Improve Your Score

Not satisfied with your credit score and want to increase it? There are a number of steps you can take, like paying your bills on time, decreasing the amount of debt you carry, and staying within your established credit limits.

By taking control of your credit score, you are taking prudent steps to improve your overall financial health.

 

Save the Dates: America Saves Week is February 22-26, 2021

Save the Dates: America Saves Week is February 22-26, 2021
Holiday raises awareness of the importance of establishing responsible saving behaviors.

Underscoring the importance of saving successfully to achieve financial stability, the non-profit America Saves, an initiative of the Consumer Federation of America (CFA), is holding its 15th annual America Saves Week (ASW) event, February 22-26, 2021.

Comprised of more than 270 consumer education, advocacy, and cooperative members, the CFA is dedicated to educating consumers. ASW is the organization’s annual high-profile event, where they recommend that consumers perform a careful assessment of their finances and saving behaviors. “The America Saves pledge is the framework that allows savers to set a goal,” America Saves writes on its website, “and make a plan to achieve better financial stability.”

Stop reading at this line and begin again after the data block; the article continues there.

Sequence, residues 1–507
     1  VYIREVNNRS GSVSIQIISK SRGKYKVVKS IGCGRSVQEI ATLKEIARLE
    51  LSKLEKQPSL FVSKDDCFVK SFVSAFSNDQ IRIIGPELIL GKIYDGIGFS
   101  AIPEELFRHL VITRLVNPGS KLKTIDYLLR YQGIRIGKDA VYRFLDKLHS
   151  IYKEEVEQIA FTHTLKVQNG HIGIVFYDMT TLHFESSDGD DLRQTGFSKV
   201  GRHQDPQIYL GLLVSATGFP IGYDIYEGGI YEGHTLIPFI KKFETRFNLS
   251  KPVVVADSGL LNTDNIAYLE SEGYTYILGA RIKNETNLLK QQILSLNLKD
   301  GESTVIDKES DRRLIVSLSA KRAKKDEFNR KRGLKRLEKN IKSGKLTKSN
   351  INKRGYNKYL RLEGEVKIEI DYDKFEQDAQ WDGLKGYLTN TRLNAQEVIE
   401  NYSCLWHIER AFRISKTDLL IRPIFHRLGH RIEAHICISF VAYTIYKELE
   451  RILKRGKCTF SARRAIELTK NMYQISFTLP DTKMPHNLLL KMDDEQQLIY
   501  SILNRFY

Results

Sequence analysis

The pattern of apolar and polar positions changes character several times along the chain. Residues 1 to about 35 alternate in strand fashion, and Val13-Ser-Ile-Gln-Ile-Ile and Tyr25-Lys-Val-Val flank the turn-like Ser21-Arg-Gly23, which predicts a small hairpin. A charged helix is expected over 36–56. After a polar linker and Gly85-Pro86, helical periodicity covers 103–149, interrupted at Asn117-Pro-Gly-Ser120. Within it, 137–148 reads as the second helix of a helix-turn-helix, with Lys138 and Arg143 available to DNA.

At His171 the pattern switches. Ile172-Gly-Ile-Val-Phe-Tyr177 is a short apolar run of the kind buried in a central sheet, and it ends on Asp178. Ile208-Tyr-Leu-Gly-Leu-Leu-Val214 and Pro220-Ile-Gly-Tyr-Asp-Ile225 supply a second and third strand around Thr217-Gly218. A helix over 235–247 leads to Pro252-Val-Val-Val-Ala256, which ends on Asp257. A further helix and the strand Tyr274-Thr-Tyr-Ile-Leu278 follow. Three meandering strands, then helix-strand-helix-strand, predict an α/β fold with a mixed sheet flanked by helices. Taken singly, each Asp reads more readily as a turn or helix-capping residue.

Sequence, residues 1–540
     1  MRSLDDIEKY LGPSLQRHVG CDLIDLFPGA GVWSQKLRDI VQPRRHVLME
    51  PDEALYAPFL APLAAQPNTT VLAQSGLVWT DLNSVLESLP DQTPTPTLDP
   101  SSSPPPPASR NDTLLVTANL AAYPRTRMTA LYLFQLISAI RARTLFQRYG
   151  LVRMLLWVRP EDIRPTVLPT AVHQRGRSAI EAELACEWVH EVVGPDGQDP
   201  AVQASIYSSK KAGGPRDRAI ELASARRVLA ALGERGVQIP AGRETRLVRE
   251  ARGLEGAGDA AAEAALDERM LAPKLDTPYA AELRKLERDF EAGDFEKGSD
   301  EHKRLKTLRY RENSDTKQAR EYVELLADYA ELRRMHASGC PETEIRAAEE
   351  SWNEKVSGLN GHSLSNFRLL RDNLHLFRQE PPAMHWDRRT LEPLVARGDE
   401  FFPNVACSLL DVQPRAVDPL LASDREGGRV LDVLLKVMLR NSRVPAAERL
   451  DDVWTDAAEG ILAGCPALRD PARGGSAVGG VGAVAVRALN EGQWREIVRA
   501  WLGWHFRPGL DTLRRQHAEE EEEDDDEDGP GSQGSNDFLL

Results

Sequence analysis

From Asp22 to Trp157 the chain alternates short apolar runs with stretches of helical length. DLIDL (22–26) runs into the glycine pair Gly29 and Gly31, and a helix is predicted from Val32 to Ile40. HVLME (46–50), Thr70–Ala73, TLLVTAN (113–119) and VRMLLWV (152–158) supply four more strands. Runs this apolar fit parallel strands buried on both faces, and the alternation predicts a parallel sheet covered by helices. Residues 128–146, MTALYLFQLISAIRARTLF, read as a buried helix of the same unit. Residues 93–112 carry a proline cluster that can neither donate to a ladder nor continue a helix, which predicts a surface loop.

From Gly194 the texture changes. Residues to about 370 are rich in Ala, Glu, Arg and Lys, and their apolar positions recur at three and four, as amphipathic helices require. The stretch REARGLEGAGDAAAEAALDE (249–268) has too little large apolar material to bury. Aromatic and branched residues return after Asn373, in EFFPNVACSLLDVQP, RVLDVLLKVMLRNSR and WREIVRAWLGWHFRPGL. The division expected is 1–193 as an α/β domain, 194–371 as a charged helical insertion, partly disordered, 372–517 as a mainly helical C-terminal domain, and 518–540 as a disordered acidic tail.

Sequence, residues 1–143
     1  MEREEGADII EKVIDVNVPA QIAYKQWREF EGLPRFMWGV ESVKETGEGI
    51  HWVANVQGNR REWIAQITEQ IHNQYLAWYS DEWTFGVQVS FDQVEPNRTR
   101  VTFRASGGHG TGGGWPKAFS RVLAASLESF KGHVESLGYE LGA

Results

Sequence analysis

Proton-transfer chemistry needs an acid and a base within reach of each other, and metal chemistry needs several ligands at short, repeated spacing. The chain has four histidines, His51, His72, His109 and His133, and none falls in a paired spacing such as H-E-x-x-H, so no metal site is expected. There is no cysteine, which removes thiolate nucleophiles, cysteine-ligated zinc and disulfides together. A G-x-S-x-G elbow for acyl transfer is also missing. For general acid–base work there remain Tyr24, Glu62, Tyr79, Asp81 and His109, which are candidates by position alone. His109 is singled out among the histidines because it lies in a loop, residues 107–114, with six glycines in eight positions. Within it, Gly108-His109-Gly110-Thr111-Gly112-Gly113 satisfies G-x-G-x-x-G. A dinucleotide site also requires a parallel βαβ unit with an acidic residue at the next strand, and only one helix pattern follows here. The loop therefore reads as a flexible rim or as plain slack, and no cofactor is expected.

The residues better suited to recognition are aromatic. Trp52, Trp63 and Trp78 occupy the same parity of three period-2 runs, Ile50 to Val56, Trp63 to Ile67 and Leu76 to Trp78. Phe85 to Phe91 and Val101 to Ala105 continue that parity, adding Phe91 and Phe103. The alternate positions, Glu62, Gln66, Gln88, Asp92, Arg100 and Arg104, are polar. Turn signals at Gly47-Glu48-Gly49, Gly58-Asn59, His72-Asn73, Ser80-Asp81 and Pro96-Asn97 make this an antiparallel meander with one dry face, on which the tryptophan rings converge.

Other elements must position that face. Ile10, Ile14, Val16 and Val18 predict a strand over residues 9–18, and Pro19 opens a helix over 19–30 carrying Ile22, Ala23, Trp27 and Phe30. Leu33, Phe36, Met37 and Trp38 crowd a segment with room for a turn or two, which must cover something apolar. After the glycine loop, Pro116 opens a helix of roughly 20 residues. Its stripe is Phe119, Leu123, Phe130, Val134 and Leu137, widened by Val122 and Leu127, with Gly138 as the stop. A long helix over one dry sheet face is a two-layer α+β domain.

“Americans are in the midst of a savings crisis with more than 50% of us living paycheck to paycheck,” said George Barany, Director of America Saves, in a lead up to last year’s event. “Having some emergency savings can make a significant difference in one’s quality of life. Unfortunately, many people are not told about the most effective way to save, and that’s making saving automatic.”

Organizations can support ASW by becoming a participating organization, cross-marketing ASW to spread awareness of the event. “Once you’re a participating organization, it’s time to plan how your organization will show up for the week,” America Saves says. “The America Saves Week Digital Toolkit will provide done-for-you social media graphics, resources and tools, sample emails, press releases, and more. Many participating organizations choose to create their own aligned content for the week, host events (both virtually and on location), and more.”

Last year, dozens of organizations made public commitments to the event, including: BlackRock, USAA,
Zeiders Enterprises, JP Morgan & Chase, FDIC, National Disability Institute (NDI), Navy Federal Credit Union, National Association of Federally Insured Credit Unions (NAFCU), Funding our Future, Association for Financial Counseling and Planning Education (AFCPE), and National Foundation for Credit Counseling (NFCC).
This year’s ASW event is organized around the following daily themes:

  • Save Automatically (February 22): A day to encourage Americans to save automatically through direct deposit of a portion of their income into a savings account.